It’s all too easy to get caught up in doomscrolling Twitter. I’m trying to stop, but at this point I’m certainly an addict. The recent article “Human Sacrifice and the Digital Business Model” by Geoff Shullenberger was helpful.
It is an arena for perpetual conflict driven by an accumulation of grievances collected in a mass program of decentralized surveillance. We are incentivized, by the coded logic of the social media platforms where public engagement now takes place, to find reasons to hate each other. The algorithms that encourage and reward particular behaviors on Twitter and Facebook play on our deepest human instincts and desires to create spectacles of symbolic violence and sacrifice.
Until I turn off the app for good — it’s hard to give it up while one’s career is hanging by a thread during a pandemic — I’m doing what I can to be a positive force, celebrating what I love.
Recently American classical music Twitter theorists — a small but noisy bunch — were all over the timeline. Opening progressive shots included comments like, “‘Bach wrote some of the greatest music known to mankind’ is the kind of language we need to change if we’re going to begin breaking down classical music’s racist problems,” and, “Beethoven was an above average composer—let’s leave it at that.”
Fine. Germany and associated European empires can make their own rulings on Bach and Beethoven. Americans could practice leaving that dominance hierarchy alone, anyway…
…For what I find relentlessly irritating is that Americans have their own great (I’m not afraid of the term) musicians, and this heritage seems to get further obscured by these academic culture wars. In essay after essay by those seeking to demand multiculturalism and racial justice, names like Duke Ellington, Thelonious Monk, and John Coltrane are rarely present.
Irritation produces scolding, and I’m trying so hard not to do that (let alone succumb to “our deepest human instincts and desires to create spectacles of symbolic violence and sacrifice”). Instead, I tweeted out the following:
A lot of American musicians are arguing about music theory on twitter. There’s no one theory of music that’s gonna make you a finished American musician. Americans are blessed to be impure from the git-go. It’s fabulous. FWIW, I have already written a lot about this topic:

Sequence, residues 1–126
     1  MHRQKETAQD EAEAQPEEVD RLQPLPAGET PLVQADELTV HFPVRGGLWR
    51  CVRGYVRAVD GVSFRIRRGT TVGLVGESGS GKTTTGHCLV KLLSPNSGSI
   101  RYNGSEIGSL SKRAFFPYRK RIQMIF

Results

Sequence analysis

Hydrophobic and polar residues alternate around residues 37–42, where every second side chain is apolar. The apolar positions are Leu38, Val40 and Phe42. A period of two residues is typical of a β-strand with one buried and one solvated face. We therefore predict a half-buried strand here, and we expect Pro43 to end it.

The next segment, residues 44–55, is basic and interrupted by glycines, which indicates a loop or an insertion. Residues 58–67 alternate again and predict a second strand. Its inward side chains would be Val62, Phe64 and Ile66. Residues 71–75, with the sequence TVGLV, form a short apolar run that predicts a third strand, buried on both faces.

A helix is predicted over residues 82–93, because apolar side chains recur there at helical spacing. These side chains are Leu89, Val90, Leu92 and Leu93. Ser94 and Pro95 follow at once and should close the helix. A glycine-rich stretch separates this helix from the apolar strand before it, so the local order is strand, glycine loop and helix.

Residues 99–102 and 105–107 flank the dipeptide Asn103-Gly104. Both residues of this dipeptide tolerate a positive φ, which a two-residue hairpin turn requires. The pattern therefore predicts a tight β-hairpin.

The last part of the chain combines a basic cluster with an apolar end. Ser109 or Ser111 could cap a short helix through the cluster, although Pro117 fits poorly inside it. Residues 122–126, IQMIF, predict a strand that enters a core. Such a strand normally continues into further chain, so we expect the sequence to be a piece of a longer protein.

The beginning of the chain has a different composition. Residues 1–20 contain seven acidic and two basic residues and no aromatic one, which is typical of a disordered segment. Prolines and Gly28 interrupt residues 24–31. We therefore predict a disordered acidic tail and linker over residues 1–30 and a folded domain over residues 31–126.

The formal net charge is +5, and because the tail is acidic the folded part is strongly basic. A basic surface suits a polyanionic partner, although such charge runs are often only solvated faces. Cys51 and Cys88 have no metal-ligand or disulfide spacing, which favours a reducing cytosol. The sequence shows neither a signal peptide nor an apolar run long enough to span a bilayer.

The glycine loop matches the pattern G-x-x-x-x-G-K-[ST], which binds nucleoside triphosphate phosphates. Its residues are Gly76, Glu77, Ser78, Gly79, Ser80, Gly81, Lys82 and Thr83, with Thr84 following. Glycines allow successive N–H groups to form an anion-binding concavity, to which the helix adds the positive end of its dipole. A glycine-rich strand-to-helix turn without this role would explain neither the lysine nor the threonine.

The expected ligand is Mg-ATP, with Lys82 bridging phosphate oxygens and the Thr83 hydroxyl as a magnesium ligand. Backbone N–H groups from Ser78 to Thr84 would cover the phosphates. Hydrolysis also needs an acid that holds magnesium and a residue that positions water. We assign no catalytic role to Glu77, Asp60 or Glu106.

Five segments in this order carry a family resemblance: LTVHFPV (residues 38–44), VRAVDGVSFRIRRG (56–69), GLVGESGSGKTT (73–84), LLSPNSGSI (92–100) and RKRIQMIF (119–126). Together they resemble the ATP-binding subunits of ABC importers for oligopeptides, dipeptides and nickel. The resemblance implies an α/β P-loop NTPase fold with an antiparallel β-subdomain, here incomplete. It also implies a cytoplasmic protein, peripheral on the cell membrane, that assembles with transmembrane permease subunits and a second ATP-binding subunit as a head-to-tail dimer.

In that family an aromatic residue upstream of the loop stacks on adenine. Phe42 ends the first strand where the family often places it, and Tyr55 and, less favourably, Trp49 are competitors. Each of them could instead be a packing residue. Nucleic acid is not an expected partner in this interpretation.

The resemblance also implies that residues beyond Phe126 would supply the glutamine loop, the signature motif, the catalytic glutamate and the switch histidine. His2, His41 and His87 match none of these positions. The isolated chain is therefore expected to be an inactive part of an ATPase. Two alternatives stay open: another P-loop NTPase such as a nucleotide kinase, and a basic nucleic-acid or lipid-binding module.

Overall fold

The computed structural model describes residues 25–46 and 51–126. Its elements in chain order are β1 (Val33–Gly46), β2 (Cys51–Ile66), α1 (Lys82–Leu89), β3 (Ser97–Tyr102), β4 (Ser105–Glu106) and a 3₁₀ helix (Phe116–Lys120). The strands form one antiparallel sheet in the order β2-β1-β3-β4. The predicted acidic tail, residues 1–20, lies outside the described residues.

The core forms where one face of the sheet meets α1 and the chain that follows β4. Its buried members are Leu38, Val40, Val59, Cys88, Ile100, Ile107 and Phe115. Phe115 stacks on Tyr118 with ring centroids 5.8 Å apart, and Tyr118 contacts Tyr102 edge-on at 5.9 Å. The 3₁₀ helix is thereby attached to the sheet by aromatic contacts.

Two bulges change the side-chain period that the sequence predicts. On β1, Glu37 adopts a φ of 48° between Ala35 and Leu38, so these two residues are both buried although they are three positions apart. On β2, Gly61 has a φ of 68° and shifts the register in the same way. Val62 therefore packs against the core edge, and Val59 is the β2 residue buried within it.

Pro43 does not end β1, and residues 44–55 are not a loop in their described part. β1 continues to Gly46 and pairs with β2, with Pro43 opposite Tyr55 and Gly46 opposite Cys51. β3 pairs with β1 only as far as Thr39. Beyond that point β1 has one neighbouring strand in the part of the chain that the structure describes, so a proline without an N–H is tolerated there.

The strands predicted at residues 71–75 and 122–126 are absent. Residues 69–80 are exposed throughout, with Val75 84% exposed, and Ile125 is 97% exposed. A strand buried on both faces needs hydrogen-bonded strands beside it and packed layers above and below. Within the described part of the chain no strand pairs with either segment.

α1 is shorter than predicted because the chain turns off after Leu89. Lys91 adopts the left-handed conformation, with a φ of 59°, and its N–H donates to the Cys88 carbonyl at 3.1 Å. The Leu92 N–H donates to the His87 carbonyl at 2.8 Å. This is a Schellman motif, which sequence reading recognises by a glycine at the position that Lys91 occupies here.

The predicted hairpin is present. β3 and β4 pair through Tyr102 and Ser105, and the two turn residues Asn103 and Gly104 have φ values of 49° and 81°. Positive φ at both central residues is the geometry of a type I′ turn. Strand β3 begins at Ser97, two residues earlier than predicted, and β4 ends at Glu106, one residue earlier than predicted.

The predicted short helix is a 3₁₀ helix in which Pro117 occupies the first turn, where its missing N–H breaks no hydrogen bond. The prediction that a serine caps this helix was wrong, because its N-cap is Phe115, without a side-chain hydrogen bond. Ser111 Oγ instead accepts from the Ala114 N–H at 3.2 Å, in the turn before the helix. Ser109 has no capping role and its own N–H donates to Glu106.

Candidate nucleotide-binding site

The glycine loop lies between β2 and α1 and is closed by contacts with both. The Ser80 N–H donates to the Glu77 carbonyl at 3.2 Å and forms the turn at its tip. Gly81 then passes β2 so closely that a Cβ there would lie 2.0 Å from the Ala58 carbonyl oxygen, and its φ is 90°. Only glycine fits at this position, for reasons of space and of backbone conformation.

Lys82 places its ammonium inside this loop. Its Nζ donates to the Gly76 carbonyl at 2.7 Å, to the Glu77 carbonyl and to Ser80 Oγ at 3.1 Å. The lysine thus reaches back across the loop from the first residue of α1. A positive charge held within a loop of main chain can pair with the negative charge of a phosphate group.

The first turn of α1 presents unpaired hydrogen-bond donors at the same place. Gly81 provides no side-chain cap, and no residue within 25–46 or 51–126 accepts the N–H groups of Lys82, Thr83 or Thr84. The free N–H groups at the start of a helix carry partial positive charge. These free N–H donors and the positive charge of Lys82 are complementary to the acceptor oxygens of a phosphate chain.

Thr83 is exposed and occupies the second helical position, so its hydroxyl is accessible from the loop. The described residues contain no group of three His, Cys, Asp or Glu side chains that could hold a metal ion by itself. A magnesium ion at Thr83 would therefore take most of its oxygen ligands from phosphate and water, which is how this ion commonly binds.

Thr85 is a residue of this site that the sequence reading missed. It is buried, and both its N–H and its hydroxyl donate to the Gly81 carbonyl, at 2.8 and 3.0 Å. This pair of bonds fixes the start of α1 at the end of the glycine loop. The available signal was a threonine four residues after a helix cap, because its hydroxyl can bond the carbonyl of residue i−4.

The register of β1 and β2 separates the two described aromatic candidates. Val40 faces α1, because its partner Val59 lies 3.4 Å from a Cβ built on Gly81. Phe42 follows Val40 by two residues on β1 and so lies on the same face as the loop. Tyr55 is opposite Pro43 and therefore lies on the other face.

1) “…acquiring old-world academic tools was frequently a step along the way to being a professional American musician.” Black Music Teachers in the Era of Segregation.
2) “In 2019, our feverish culture war includes hand-wringing about the participation of African-Americans in ‘classical music,’ in this case referring to music that holds European-based presentation as the ideal.” Remembering Harold Mabern, Larry Willis, and Richard Wyands.
3) “Charles McPherson suggested to me that the songbooks are generally how jazz musicians learned European harmony, and I suspect he’s right. Indeed, before fakebooks, the piano players had to have the sheet music.” Deepening Your Relationship to Musical Theatre.
4) “Early black jazz musicians worked over the European harmonic system to include an African aesthetic.” Lil Hardin Teaches the Blues.
5) “Music theory is bunk.” Are Polychords Problematic?
6) “In some circles, ‘jazz harmony’ is held to be a valid discipline. It’s not. ‘Harmony’ is the correct discipline.” Theory and European Classical Music.
7) “Consecrated jazz drummers have less metronomic time than rock and fusion drummers for a reason. The beat is connected to the cycle of life and playing with an ensemble.” Rhythmic Folklore.
8) “Magic happens at the drum kit when the four limbs are slightly desynchronized. Any truly swinging or funky drummer does not always place the articulations of the two hands and two feet at exactly the same time.” Threepenny Review Table Talk bit on Hands and Feet.
9) “Duke Ellington, Thelonious Monk, and McCoy Tyner all share the basic European information but their non-European information is harder to pin down. They relate harmony to rhythm in a ‘jazz’ way but intellectual analyses of these procedures are rarely convincing.” Theory of Harmony.
I maintain that great jazz fixes diversity issues in a flash. Much more to come from DTM about this astonishing and endlessly satisfying music.